A Southwest Washington lawmaker is leading the charge in proposing harsher penalties for those who buy and sell the precious metals extracted from stolen catalytic converters.
State Rep. Greg Cheney, R-Battle Ground, has put forward House Bill 1840 as increasing catalytic converter thefts disrupt lives and cost victims thousands of dollars.
“It doesn’t matter where you live. From what several law enforcement agencies are showing us, the crime of catalytic converter theft is skyrocketing in every corner of the state,” Cheney stated in a news release. “The price tag for repairing the automobiles and the disruption that happens to daily lives comes at a time when many families are already feeling the pinch of higher fuel and food costs. We need to give law enforcement and prosecutors more tools to combat this rising crime, especially with Oregon having already passed similar legislation. Thieves now have a greater incentive to cross state lines and sell stolen metal in Washington.”
The proposed legislation would make it a Class C felony for a second or subsequent offense “of removing or obliterating identifying information on catalytic converters” and would create a sentencing enhancement for stealing private metal property that is sold online.
The law would also apply to scrap metal businesses that purchase catalytic converters unless the owner can prove it came from his or her own vehicle.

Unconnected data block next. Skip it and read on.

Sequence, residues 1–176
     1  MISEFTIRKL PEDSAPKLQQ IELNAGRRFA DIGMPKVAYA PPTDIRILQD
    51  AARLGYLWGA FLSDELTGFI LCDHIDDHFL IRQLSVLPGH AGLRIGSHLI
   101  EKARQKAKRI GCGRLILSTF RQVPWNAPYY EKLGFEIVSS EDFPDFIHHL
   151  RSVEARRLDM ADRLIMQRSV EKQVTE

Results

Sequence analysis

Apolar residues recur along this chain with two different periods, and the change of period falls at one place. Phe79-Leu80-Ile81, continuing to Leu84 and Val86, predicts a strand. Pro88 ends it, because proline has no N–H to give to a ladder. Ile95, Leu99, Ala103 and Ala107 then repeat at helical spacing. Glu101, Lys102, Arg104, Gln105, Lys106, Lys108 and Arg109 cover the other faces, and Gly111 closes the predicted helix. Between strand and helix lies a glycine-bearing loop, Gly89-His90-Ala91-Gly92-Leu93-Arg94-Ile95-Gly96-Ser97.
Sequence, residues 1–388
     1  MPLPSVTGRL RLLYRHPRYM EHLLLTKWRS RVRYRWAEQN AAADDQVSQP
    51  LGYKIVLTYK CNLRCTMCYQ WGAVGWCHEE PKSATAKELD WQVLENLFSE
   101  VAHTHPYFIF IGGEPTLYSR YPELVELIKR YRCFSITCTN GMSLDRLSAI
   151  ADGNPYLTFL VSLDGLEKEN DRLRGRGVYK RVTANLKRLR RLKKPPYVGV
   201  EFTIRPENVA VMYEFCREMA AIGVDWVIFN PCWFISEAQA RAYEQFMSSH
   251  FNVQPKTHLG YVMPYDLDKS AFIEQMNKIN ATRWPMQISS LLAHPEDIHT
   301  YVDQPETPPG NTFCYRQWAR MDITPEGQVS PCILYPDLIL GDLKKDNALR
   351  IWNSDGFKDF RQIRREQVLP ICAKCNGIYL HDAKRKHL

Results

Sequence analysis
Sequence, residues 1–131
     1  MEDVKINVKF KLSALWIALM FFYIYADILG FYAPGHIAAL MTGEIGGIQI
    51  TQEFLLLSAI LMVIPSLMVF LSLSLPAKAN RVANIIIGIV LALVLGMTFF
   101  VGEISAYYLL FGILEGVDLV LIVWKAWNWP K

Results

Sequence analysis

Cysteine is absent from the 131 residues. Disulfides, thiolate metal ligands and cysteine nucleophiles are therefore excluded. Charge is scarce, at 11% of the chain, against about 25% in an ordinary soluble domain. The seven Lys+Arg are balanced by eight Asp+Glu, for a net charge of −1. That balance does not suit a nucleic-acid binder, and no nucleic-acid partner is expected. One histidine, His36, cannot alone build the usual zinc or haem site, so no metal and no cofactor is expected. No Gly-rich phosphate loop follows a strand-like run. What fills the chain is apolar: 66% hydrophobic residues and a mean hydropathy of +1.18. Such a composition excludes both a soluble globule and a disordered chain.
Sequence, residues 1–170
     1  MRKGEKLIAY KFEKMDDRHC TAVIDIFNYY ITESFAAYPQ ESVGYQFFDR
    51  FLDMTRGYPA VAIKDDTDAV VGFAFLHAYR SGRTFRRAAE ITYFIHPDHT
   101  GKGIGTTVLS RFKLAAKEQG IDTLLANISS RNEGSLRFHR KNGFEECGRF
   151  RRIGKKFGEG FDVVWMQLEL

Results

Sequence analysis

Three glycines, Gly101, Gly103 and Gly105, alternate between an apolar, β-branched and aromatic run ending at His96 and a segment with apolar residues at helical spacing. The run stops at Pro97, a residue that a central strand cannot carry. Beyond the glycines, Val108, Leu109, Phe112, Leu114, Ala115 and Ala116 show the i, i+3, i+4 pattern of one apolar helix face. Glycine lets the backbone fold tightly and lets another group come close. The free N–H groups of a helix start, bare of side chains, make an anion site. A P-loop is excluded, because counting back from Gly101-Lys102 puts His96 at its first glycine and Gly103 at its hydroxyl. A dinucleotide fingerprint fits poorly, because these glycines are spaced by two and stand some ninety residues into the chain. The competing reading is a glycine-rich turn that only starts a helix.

The bill states, “No scrap metal business may enter into a transaction to purchase or receive private metal property from any person who is not a commercial enterprise or owner of the vehicle from which the catalytic converter was removed. No scrap metal business may enter into a transaction with an owner of a vehicle from which a catalytic converter was removed unless the owner provides the year, make, model, and vehicle identification number for the vehicle from which it was removed.”
According to Cheney, in 2021, more than 12,000 catalytic converter thefts were reported in Washington. That number is expected to be significantly higher once final data is collected for 2022, Cheney said.
“Unfortunately, the ease in which a criminal can cut off and steal catalytic converters for their precious metals makes it an attractive option for those looking for a quick financial score,” Cheney stated in the release. “As technology evolves, more and more precious metals are needed to keep up with demand. Our criminal code needs to evolve as well to protect the law-abiding members of our communities.”
The legislation would also fund the Washington Association of Sheriffs and Police Chiefs’ comprehensive state law enforcement strategy targeting metal theft and a “no-buy” database program. Both were created a decade ago but were never funded.
While the policy committee cutoff for the 2023 legislative session has passed, Cheney said in the release no bill is truly “dead” in Olympia.
“If it’s important enough, the majority party can bring this bill straight to the floor for a vote,” Cheney said. “I’m hoping the bipartisan nature of the bill and the glaring need to crack down on catalytic converter theft will be enough to get us over this legislative hurdle.”
The 105-day 2023 legislative session is scheduled to end April 23.
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